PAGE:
Lincoln in the World: The Making of a Statesman and the Dawn of American Power.pdf
A captivating look at how Abraham Lincoln evolved into one of our seminal foreign-policy presidents—and helped point the way to America’s rise to world power.
This is the story of one of the most breathtaking feats in the annals of American foreign policy—performed by one of the most unlikely figures. Abraham Lincoln is not often remembered as a great foreign-policy president. He had never traveled overseas and spoke no foreign languages. And yet, during the Civil War, Lincoln and his team skillfully managed to stare down the Continent’s great powers—deftly avoiding European intervention on the side of the Confederacy. In the process, the United States emerged as a world power in its own right.
Engaging, insightful, and highly original, Lincoln in the World is a tale set at the intersection of personal character and national power. The narrative focuses tightly on five distinct, intensely human conflicts that helped define Lincoln’s approach to foreign affairs—from his debate, as a young congressman, with his law partner over the conduct of the Mexican War, to his deadlock with Napoleon III over the French occupation of Mexico. Bursting with colorful characters like Lincoln’s bowie-knife-wielding minister to Russia, Cassius Marcellus Clay; the cunning French empress, Eugénie; and the hapless Mexican monarch Maximilian—Lincoln in the World draws a finely wrought portrait of a president and his team at the dawn of American power.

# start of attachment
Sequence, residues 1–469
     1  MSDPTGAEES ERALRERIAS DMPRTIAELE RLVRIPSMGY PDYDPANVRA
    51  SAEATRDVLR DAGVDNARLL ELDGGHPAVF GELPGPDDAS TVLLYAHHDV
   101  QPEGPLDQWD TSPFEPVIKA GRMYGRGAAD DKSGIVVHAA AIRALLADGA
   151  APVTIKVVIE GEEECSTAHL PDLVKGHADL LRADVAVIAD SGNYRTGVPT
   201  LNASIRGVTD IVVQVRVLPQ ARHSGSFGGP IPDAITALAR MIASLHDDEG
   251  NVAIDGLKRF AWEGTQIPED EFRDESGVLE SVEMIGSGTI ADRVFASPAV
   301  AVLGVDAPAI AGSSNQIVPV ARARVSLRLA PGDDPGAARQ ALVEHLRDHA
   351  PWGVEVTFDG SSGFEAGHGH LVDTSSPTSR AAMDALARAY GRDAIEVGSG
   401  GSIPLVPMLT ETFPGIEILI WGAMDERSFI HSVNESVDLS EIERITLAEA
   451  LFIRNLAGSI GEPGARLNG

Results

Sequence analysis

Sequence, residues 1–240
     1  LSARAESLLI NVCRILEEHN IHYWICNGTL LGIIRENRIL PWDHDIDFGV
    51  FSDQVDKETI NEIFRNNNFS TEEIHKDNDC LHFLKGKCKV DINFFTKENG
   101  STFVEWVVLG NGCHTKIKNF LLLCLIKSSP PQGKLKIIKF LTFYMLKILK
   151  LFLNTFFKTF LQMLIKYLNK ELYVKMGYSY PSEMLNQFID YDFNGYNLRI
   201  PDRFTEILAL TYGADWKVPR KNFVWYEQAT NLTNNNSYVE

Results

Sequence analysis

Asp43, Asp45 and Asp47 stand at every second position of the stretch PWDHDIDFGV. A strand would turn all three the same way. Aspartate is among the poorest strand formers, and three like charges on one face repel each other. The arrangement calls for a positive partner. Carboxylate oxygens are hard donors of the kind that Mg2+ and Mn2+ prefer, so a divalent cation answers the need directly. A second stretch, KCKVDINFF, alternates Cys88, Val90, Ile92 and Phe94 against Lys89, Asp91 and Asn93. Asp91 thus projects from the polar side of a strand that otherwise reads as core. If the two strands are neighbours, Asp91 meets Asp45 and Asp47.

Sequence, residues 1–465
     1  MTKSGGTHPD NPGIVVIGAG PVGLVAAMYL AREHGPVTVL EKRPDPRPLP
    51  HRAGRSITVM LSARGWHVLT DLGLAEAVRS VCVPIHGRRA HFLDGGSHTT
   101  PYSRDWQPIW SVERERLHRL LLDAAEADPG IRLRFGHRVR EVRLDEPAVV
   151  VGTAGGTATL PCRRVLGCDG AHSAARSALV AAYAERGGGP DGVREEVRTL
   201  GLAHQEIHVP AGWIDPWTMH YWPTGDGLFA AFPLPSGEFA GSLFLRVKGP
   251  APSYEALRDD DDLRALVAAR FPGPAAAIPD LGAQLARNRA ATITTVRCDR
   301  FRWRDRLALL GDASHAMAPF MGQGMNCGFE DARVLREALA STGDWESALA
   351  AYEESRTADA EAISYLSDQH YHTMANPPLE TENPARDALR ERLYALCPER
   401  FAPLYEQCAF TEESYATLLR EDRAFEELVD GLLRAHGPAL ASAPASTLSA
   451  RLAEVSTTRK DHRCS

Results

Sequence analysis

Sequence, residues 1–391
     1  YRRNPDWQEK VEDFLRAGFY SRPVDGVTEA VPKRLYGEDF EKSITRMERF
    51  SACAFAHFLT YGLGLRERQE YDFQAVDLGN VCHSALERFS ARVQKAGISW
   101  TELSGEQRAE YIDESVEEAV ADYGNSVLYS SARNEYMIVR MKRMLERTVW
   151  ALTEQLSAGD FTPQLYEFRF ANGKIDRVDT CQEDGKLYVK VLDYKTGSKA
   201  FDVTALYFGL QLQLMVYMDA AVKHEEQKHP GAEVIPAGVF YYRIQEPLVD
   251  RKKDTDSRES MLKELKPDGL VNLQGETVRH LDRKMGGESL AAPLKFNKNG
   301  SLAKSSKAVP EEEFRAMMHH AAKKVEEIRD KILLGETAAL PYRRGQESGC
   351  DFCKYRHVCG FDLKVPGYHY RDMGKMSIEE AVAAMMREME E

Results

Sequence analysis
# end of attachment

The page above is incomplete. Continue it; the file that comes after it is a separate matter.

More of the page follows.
In the Age of Lincoln, we see shadows of our own world. The international arena in the 1860s could be a merciless moral vacuum. Lincoln’s times demanded the cold, realistic pursuit of national interest, and, in important ways, resembled our own increasingly multipolar world. And yet, like ours, Lincoln’s era was also an information age, a period of rapid globalization. Steamships, telegraph wires, and proliferating new media were transforming the world. Global influence required the use of “soft power” as well as hard.
Anchored by meticulous research into overlooked archives, Lincoln in the World reveals the sixteenth president to be one of America’s indispensable diplomats—and a key architect of America’s emergence as a global superpower. Much has been written about how Lincoln saved the Union, but Lincoln in the World highlights the lesser-known—yet equally vital—role he played on the world stage during those tumultuous years of war and division.
One of the Daily Beast's "Best Books on President Lincoln"
"Revealing and fresh ... There is much here that will interest even those steeped in the vast Lincoln literature." –Washington Post
"A form of intellectual isolationism frequently mars the work of American historians, who often study U.S. politicians without appreciating how those figures’ perceptions of events overseas influenced their ideas about their country’s role in global affairs. Lincoln in the World avoids this pitfall.... [I]t is an important step toward a richer and more useful understanding of the American past." –Walter Russell Mead, Foreign Affairs
"[Peraino's] technique works brilliantly.... A well-written, finely researched and provocative study of what, to many, is a lesser-known aspect of the Civil War period and Lincoln's presidency." –Charleston Post and Courier